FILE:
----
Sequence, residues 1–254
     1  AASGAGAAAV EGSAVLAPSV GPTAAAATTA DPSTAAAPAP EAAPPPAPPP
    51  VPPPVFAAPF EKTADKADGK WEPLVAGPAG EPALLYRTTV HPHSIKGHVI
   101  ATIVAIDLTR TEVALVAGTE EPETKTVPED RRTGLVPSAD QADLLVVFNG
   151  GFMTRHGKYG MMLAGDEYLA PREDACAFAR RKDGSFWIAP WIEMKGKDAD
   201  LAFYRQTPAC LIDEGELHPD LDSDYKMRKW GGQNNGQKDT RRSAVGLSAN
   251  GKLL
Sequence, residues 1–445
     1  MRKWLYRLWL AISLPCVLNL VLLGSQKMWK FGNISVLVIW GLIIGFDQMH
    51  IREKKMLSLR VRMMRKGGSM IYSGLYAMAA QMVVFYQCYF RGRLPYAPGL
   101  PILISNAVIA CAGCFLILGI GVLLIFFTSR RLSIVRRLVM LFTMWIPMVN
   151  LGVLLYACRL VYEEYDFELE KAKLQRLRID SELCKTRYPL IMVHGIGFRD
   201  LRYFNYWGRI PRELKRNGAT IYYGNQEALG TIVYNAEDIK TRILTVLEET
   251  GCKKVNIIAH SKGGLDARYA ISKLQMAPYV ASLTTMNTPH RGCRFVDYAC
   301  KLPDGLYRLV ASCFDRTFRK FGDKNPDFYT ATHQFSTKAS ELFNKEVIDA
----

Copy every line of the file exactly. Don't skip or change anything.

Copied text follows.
Sequence, residues 1–254
     1  AASGAGAAAV EGSAVLAPSV GPTAAAATTA DPSTAAAPAP EAAPPPAPPP
    51  VPPPVFAAPF EKTADKADGK WEPLVAGPAG EPALLYRTTV HPHSIKGHVI
   101  ATIVAIDLTR TEVALVAGTE EPETKTVPED RRTGLVPSAD QADLLVVFNG
   151  GFMTRHGKYG MMLAGDEYLA PREDACAFAR RKDGSFWIAP WIEMKGKDAD
   201  LAFYRQTPAC LIDEGELHPD LDSDYKMRKW GGQNNGQKDT RRSAVGLSAN
   251  GKLL
Sequence, residues 1–445
     1  MRKWLYRLWL AISLPCVLNL VLLGSQKMWK FGNISVLVIW GLIIGFDQMH
    51  IREKKMLSLR VRMMRKGGSM IYSGLYAMAA QMVVFYQCYF RGRLPYAPGL
   101  PILISNAVIA CAGCFLILGI GVLLIFFTSR RLSIVRRLVM LFTMWIPMVN
   151  LGVLLYACRL VYEEYDFELE KAKLQRLRID SELCKTRYPL IMVHGIGFRD
   201  LRYFNYWGRI PRELKRNGAT IYYGNQEALG TIVYNAEDIK TRILTVLEET
   251  GCKKVNIIAH SKGGLDARYA ISKLQMAPYV ASLTTMNTPH RGCRFVDYAC
   301  KLPDGLYRLV ASCFDRTFRK FGDKNPDFYT ATHQFSTKAS ELFNKEVIDA